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  • Writer's pictureDale Jackson

Painting a de Havilland Canada DHC-2 Beaver

Since I recently finished the large oil painting of the ocean, I asked my son what airplane he'd like me to paint. I think I knew the answer already, and to my delight, I was correct. He wanted me to paint a de Havilland Canada DHC-2 Beaver. He's building the balsa model of this iconic airplane as well, so my guess was good!

I really love the DH Beaver as well. Wikipedia offers a description of this plane, "The de Havilland Canada DHC-2 Beaver is a single-engined high-wing propeller-driven short takeoff and landing (STOL) aircraft developed and manufactured by de Havilland Canada. It has been primarily operated as a bush plane and has been used for a wide variety of utility roles, such as cargo and passenger hauling, aerial application (crop dusting and aerial topdressing), and civil aviation duties." (

It is quite an icon for bush pilots in the wild North! and it is a favorite subject for many aviation artists.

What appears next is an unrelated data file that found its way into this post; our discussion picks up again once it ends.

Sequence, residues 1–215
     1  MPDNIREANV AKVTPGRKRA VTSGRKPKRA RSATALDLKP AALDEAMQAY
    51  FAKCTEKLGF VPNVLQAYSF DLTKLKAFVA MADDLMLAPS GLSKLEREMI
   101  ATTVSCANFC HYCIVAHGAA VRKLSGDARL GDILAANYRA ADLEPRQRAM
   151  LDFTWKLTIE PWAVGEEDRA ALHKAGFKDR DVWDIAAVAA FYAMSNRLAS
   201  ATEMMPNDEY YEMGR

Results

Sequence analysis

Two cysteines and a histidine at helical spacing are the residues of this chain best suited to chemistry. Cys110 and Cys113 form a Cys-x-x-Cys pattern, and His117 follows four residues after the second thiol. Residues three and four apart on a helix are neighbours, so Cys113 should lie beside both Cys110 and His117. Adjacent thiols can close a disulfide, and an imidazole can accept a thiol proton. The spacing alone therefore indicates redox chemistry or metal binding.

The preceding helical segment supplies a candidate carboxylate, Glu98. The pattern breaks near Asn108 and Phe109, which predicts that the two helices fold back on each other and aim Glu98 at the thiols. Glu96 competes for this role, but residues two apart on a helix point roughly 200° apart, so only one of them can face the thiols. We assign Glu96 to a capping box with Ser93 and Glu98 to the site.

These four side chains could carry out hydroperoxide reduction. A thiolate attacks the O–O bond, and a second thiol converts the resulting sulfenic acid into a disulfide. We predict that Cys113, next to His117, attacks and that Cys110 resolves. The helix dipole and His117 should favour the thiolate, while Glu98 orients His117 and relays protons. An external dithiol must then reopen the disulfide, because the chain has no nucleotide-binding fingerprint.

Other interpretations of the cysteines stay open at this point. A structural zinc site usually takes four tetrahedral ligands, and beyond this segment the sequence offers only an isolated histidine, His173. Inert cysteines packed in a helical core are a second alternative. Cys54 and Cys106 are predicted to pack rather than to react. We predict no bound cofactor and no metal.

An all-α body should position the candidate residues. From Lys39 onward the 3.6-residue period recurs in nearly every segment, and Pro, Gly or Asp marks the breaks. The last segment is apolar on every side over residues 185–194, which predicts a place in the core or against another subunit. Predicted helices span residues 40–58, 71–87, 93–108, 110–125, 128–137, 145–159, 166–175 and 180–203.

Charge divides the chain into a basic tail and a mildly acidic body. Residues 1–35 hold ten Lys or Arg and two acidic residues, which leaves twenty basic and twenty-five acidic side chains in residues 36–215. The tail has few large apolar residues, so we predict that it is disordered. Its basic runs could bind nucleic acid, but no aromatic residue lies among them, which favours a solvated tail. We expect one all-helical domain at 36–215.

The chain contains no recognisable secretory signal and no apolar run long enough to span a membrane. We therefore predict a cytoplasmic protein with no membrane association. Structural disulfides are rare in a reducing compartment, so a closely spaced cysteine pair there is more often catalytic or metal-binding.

I wanted to capture this aircraft in it's natural habitat flying amid the rugged terrain it is made to fly around.

For starters, I've developed a small rough and was really sold on that first idea immediately. It's what I call a "beauty pass" and I've used this type of angle before in my aviation art works.

Here is that "beauty pass" rough concept. I wanted the airplane to fly over forests of pine trees with majestic mountains rising up in the background and clouds that were basically pushing up and over them.

The next phase was to flesh this idea out more with a bit bigger drawing. I basically sketched out a 9" x 7" frame and started to develop this rough into a more mature yet still conceptual drawing.

I am using the same pencil that I used with my tiny rough drawing. In the picture below, I'm contrasting the airplane against the majestic mountain with the plane just rising above the pine forests below as if it just

The next photo shows the completed concept drawing. I've concentrated on values, keeping a good separation of the light values of the aircraft in contrast against the mountains.

Next, I'll start developing one or two color studies before moving on to the painting.

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